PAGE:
Floureon M-880

Back in May this year, 6 weeks  into the First Lockdown, having no prospects of getting to go anywhere to test them properly, I bought myself a pair of Floureon M-880 PMR446 Walkie Talkies.

Rinky-dinky little toy radios that run on 3xAA batteries, only have 8 of the PMR channels. But what do you expect for £8.99 from wish.com?  (note the conspicuous absence of a hyperlink to Wish!)

They put out about 400mW (0.4W), which is within the PMR446 rules, but lower than expected (which I only learned yesterday, after bodging one to connect it to a power meter.  They do CTCSS (a surprising 121 settings), have an array of annoying beeps, and use these channels:

I’ve dropped them, stood on them, taken them apart, reassembled them, and they still work. As I’ve taken them apart… why don’t we look inside?

No surprises in there, says the utterly non-expert on modern electronics, and anyway, with my eyesight and hand-eye co-ordination I wouldn’t want to put a soldering iron anywhere near most of that. But the sockets on the top intrigue me. I am repeatedly told that thay are a standard Kenwood MIC/Earphone set up (such as used on the Baofeng UV-5R), but clearly that isn’t the case. Thats for another time though.

The advertising claims a 3km range, which in old money is 1.86 miles, and the distance between my flat and the girlfriend’s is 0.72km or 0.45 miles. Good for a test then!

So, firstly, the elevation change between the two:

With the big hill in the way, there was was no hope that they would work. So I did a drive test from one place to another. My route, which shows the point at which we could make contact:

And elevation for the route (which is NOT straight line!):

So the effective range, when measured, in these circumstances was 0.3km. Not 3km, obvously. But the terrain was somewhat sub-optimal.

So what about a proper 3km line of sight test? Well it just happens that the Girlfriend’s flat is 2.87km in a direct line to the pull-in/gateway/passing place that I used to sit at when trying to CB DX. It it also the access road to the 2m GB3SV repeater, but at the time I didn’t know.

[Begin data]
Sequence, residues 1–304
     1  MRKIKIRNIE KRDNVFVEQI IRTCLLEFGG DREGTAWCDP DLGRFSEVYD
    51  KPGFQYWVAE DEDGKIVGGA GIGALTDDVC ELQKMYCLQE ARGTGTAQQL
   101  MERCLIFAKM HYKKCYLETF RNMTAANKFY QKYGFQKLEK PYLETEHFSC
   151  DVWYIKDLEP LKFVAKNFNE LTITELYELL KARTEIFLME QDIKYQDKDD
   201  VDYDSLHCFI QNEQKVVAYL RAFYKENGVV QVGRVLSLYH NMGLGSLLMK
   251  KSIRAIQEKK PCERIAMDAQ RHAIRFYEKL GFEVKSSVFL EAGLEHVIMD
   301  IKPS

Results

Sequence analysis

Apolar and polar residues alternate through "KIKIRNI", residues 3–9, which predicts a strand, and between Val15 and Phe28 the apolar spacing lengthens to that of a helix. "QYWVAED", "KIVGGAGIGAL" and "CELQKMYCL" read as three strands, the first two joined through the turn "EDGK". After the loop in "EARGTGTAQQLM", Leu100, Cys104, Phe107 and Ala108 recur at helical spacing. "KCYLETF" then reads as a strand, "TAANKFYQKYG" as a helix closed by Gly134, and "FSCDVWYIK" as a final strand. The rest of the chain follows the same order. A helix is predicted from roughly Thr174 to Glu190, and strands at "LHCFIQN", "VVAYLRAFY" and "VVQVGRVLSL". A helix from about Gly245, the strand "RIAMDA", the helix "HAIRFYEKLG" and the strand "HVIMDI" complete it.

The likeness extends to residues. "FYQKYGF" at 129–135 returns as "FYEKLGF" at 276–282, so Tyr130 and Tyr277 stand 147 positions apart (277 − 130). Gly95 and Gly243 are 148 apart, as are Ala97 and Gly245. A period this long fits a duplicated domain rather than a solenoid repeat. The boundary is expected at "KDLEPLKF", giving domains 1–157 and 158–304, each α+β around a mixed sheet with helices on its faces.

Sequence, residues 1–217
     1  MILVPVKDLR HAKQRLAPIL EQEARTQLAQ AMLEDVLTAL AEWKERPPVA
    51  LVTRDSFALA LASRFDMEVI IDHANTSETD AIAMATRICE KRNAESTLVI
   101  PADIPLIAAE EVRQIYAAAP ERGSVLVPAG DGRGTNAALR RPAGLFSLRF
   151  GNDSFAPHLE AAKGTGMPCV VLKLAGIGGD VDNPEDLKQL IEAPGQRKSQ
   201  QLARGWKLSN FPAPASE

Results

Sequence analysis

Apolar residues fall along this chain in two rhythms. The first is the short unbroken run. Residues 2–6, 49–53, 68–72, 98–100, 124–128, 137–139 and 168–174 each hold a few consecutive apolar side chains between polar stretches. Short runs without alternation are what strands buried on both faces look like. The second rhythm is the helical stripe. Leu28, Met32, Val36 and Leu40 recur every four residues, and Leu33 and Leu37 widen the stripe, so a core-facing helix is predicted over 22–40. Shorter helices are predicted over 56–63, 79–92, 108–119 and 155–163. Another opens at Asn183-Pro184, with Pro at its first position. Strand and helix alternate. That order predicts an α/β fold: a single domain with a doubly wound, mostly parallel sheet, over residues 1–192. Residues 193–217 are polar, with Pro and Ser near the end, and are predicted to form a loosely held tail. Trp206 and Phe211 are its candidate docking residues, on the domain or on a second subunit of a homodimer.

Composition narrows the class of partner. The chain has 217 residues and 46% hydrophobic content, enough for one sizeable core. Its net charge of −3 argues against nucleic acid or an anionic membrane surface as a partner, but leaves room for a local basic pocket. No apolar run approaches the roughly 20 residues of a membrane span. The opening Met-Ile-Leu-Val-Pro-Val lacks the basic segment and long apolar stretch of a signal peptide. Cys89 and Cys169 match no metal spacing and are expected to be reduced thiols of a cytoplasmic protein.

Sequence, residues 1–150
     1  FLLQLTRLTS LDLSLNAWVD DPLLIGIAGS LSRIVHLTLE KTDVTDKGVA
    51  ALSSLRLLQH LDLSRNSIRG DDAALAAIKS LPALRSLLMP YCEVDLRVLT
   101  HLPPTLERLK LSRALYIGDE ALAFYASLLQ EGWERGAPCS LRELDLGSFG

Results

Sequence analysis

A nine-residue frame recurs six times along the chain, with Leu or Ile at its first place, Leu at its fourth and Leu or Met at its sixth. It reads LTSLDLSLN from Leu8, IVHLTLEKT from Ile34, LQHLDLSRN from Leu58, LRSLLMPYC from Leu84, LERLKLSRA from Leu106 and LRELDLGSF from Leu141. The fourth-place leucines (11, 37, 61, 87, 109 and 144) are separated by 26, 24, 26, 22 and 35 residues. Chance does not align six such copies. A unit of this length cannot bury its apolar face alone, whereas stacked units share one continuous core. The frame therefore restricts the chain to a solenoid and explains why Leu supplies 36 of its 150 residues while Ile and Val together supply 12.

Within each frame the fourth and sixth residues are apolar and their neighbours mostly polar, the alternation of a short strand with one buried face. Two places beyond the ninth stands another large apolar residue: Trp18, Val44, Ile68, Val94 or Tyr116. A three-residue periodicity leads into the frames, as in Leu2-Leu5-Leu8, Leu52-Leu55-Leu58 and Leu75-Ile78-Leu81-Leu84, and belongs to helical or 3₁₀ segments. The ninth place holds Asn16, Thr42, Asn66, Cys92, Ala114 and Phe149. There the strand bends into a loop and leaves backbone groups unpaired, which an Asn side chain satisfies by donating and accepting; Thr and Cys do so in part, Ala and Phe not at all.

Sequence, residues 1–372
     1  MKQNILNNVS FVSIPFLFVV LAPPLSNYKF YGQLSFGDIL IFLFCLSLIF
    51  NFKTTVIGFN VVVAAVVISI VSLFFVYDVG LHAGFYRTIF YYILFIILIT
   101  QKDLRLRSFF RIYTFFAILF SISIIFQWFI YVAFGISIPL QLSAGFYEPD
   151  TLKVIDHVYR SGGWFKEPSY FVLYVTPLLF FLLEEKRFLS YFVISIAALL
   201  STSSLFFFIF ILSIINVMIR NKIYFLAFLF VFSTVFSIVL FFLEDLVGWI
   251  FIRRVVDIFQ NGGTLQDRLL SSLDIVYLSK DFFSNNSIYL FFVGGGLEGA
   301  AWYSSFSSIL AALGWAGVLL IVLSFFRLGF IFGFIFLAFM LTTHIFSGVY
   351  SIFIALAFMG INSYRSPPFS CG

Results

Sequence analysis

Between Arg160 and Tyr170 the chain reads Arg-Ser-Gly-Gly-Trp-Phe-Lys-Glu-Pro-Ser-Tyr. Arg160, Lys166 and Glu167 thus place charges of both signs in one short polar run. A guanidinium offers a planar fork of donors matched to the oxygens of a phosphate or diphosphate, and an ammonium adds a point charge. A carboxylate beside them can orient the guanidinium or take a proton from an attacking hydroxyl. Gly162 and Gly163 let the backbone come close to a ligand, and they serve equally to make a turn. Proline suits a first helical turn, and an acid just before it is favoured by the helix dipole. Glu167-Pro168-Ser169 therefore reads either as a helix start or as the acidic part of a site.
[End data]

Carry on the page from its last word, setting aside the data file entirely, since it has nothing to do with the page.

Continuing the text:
It has an excellent elevation profile:

So, did they work? Damn right they did.  A moderate 3 readability. Meanwhile, my Boafeng was recording at home on the same channel and picked up the signals from my spot up by the repeater mast.  Maybe a 2 on that, at 3.1km, on the elevation profile shown on the Repeaters page:

So, to summarise, cheap toy radio handsets are not as bad as you think.

There are Facebook groups dedicated to DXing with standard PMR446 kit, and if you are interested in the this then I suggest you check them out:

Oh, and one final note… just like any electric device that has a “soft” on/off switch, they eat batteries even when off. So either take the batteries out when not in use, or put an isolator in between one set on contacts.

Whatever happened to proper physical on/off switches?



4 thoughts on “Floureon M-880”

  1. Tony, I have a pair of these also. Solid you note the ‘hi lo’ power output setting on your units? Any idea how the output varies between these settings?

  2. Channels 1 through 7 or 15 through 22, which comprise the GMRS channels of this radio which require an FCC (Federal Communications Commission) license.
    Channel 1 through 7 and channels 8 through 14 comprise the FRS (Family Radio Service). No license is required
    to operate on the FRS.

    On channels 1 to 7 which one is it?

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